Have you ever had the opportunity to walk through the Capital District in Washington D.C.? To walk along the Mall? Stop in at the numerous amazing locations of the Smithsonian Institute? Do you know where the federal agency offices are for the departments that you seek or secure grant funds from?

I had the opportunity to do just that recently in the company of others who had never visited Washington D.C. before. They had never seen the White House, walked through the monuments, or had thought about the offices for the US Department of Education, US Department of Agriculture and the like being located right in the heart of the city.

It helped me to look at the city from a fresh perspective. To stop to consider each of the funding agency’s offices that I have come to take for granted. As I explained to my companions about the US Department of Education and the i3 Scale-Up grant I had secured in 2014, I found myself with a renewed sense of awe for the work that is done within those buildings every day.

Many federal grant seekers do so far flung from Washington DC. You may never have had the chance to walk by the offices of the funding agency they were so focused on pre-planning efforts for. Perhaps you hadn’t thought about what the office location was for the federal agency that you follow and interact with on social media as part of your grant research. Or you have participated in a federal peer review process, but only remotely and never on site in Washington DC.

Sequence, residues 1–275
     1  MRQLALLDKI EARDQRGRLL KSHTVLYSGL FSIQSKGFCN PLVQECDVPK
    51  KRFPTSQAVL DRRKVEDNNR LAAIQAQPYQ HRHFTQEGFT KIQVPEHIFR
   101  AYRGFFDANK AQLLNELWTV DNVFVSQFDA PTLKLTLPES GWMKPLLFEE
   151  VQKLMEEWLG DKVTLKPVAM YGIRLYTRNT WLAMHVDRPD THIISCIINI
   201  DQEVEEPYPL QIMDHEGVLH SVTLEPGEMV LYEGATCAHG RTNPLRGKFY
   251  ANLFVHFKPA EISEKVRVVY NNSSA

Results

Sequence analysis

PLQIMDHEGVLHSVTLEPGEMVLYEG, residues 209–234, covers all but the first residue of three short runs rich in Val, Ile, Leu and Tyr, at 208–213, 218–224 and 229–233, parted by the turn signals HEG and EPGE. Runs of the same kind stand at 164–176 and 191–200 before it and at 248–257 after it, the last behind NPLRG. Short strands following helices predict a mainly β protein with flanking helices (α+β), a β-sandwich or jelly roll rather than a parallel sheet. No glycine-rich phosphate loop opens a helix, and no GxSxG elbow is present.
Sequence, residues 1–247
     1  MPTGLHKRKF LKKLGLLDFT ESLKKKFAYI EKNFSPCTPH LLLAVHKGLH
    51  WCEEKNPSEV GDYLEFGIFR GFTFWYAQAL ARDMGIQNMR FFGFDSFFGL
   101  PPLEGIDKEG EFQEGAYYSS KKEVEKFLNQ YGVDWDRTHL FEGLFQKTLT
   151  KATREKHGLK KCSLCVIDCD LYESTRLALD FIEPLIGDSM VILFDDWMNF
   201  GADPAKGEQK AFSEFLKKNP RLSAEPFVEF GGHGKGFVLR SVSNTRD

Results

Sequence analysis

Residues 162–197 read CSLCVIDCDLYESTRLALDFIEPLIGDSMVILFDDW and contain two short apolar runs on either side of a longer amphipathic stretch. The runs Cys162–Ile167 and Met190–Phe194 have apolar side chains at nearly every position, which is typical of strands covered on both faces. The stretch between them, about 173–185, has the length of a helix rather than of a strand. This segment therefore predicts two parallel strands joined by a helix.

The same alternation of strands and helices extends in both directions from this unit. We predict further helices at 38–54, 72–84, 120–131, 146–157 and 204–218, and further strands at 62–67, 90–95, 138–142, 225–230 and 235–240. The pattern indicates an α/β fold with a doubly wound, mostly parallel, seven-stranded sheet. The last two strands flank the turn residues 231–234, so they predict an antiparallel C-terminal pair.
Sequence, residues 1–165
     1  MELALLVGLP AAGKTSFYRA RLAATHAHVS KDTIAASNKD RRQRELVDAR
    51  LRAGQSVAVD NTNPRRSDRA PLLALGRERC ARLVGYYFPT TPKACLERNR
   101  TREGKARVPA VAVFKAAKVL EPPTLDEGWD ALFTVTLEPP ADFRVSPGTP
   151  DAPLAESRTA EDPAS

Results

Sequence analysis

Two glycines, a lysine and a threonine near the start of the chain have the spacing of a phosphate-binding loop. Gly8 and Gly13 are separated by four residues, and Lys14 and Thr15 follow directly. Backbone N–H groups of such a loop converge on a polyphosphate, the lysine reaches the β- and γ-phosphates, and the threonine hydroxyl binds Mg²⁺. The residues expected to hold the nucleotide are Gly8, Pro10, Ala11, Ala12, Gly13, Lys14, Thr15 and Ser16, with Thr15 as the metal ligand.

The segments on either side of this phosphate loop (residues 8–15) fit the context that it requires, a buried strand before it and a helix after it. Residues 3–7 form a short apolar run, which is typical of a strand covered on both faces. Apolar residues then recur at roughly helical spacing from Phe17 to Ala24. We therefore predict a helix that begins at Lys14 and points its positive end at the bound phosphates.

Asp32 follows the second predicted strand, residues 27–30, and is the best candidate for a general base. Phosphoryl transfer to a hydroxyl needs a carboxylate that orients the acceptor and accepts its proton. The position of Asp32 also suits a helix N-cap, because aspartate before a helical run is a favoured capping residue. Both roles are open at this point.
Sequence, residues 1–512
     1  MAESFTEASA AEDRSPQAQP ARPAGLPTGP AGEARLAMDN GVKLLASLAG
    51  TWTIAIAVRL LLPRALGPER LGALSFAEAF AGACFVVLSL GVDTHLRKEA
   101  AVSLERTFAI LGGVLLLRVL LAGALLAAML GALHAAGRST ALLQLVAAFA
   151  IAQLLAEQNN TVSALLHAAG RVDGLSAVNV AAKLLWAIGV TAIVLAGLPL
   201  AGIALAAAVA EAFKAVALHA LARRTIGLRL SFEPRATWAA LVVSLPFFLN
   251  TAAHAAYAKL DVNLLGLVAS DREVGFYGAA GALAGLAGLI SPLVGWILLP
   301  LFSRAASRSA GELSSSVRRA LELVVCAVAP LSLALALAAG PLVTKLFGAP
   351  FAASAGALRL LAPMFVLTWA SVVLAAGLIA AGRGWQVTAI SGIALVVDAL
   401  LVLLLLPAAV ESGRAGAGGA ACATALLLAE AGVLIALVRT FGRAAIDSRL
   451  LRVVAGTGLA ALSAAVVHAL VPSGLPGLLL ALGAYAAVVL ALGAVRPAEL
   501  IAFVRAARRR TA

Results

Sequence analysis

Stopping to consider where your funder is located and where they are doing their work related to your funding partnership, helps you to consider a two key points that will move your grant seeking efforts forward:

1 – If you understand where your funder/staff you interact with at a funder are located, when you are nearby, you can request a meeting.

2 – Understanding the environment in which your funder is operating is critical to who they are. Federal agencies are housed in their own buildings. Those managing funding programs are in the same building with those working on policy initiatives for the agency. In the other granting situations, you will see foundations sharing a floor in an office building in order to have easier and more natural collaborative access to each other as opposed to siloed offices.

I encourage you the next time you are in Washington DC to take a walk and go find your current/potential funding agency offices. Stop to consider the work that is being done within those offices and how you can communicate with the staff in order to be a strong funding partner. Better yet, call your contacts at the department to see if you have a meeting with them in their offices while you are in town.